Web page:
United Farm Workers


Help farm workers hold Cesar Chavez marches

It's hard to believe, but this year marks the 20th anniversary of Cesar’s passing. Cesar's fight for change and justice had everyday people committing themselves to social, economic and civil rights activism. Thank you for being a part of this. As we observe the 20th anniversary of Cesar’s passing, can we continue to count on your help in advancing our critical work by contributing to marches we are holding for Cesar this weekend?

On the weekend of March 23-24, a week before Cesar’s Easter Sunday birthday, the UFW will be holding seven marches in key agricultural areas. Tens of thousands of farm workers up and down the west coast will be marching to continue Cesar's vision of justice, dignity & respect in the fields. Just to pay for permits and hire buses so farm workers from the surrounding communities have the chance to attend, it will cost more than $56,000.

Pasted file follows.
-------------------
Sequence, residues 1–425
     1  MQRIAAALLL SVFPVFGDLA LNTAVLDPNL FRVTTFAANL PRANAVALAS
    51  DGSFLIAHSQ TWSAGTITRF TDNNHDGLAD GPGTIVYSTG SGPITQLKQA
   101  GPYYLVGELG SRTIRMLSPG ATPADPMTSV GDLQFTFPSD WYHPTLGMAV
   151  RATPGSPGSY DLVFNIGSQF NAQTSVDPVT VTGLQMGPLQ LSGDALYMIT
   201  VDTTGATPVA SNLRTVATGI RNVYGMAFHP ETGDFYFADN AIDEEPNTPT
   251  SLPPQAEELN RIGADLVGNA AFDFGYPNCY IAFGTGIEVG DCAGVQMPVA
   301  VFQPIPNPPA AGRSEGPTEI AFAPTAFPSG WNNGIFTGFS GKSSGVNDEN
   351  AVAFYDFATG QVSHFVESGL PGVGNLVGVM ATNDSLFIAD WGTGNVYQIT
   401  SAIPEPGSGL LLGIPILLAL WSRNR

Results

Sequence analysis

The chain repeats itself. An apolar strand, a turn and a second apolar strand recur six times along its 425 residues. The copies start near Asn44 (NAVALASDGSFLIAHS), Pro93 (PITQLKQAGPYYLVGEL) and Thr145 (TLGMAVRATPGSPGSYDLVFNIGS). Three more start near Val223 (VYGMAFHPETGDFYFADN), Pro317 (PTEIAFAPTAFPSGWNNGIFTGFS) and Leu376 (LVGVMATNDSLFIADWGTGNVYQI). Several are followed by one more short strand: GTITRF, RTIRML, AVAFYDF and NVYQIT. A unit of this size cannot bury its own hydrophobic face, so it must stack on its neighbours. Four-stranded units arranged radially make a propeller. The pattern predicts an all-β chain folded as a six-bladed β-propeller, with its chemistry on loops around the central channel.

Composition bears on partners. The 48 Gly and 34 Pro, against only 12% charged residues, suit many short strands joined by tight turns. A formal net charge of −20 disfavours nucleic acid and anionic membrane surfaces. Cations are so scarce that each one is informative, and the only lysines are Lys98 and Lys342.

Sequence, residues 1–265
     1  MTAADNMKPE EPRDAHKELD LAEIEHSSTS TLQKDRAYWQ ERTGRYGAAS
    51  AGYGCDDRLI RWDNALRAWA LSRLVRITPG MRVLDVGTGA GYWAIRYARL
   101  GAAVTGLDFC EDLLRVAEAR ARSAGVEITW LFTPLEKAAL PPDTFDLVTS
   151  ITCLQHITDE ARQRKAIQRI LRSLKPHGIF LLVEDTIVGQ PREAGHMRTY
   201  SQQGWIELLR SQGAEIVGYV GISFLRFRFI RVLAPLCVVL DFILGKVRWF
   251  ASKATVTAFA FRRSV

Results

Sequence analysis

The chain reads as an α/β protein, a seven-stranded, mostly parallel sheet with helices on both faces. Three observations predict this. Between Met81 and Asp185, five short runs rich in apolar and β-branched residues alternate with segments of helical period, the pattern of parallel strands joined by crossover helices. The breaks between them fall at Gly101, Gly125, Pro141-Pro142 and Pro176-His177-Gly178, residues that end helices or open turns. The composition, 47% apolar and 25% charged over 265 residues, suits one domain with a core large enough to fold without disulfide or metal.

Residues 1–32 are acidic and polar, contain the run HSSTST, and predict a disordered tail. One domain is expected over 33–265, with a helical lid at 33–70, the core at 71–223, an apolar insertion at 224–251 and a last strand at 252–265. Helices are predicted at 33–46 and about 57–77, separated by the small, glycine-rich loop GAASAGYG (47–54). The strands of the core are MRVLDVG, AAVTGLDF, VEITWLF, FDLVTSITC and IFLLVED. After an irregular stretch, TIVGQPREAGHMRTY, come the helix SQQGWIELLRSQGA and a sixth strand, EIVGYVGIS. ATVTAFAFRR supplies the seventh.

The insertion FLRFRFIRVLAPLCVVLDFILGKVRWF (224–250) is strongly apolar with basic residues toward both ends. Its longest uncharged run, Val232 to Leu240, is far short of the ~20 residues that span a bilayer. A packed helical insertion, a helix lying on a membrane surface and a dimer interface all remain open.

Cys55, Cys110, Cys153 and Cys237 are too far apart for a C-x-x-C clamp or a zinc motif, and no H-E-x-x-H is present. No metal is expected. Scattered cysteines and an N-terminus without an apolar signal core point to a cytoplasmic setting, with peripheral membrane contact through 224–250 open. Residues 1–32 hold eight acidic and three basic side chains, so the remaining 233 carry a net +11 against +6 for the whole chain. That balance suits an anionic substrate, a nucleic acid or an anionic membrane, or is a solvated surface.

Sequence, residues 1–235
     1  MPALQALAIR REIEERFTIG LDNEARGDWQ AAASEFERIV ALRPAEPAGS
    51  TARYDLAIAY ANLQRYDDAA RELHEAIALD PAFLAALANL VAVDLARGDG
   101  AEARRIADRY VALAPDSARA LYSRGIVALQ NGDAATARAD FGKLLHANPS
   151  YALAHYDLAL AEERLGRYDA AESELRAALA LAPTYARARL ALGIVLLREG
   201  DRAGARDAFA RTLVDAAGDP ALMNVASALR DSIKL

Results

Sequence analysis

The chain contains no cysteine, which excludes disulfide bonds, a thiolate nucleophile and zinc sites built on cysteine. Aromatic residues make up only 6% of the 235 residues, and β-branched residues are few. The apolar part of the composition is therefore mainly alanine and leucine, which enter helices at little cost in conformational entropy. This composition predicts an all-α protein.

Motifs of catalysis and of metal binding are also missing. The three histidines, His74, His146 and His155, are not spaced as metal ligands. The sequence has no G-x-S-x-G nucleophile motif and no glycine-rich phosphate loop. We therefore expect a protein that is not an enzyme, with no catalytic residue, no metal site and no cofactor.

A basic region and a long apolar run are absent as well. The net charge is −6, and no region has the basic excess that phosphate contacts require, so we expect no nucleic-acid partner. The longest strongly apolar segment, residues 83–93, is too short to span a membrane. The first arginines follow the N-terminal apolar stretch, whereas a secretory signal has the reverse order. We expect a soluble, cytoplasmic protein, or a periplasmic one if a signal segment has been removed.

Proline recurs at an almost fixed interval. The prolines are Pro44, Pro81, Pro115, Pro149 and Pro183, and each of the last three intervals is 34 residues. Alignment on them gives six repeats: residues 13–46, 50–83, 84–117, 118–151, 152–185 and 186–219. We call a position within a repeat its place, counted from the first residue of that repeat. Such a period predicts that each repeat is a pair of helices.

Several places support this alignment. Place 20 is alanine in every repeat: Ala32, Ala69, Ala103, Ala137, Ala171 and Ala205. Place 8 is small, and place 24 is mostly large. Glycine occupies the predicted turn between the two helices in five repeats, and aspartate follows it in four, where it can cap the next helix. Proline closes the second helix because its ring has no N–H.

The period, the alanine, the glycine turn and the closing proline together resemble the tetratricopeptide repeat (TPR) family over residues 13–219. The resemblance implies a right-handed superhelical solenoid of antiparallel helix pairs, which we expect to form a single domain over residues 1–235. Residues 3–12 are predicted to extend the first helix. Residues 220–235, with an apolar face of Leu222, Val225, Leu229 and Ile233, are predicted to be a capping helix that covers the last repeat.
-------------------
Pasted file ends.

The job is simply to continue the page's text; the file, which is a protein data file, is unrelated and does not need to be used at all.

Cesar changed the lives of so many. Teresa Serrano was just a teenager when she and her family began toiling in the Salinas Valley. She told us, It was really hard because they [the bosses] denied us the basics like having cool clean drinking water or bathrooms to use in the fields. But in 1970, Cesar Chavez arrived to organize the farm workers and everything changed. For the first time we were able to get the ranchers to sit down and negotiate a collective contract [which] improved the lives of the farm workers because we had better wages, medical insurance for the whole family, and most important, we had job security and respect in the workplace.

Rogelio Lona wants to attend the Salinas march. He has labored as a farm worker for 47 years, most of them under a union contract. Just like President Obama, Rogelio stresses the need to carry on what Cesar began. "He dreamed of many plans for the farm worker, but maybe he knew that he would not have enough time to accomplish it all. That is why he left us tools to continue on."

Yet as much as we’ve achieved in our long history – both while Cesar was alive and since his death – there’s still much for us to do. Cesar himself declared that if the movement didn’t survive his death, then his work would have been in vain. We can uphold Cesar’s remarkable legacy. Can we count on your donation today to help farm workers hold these marches?

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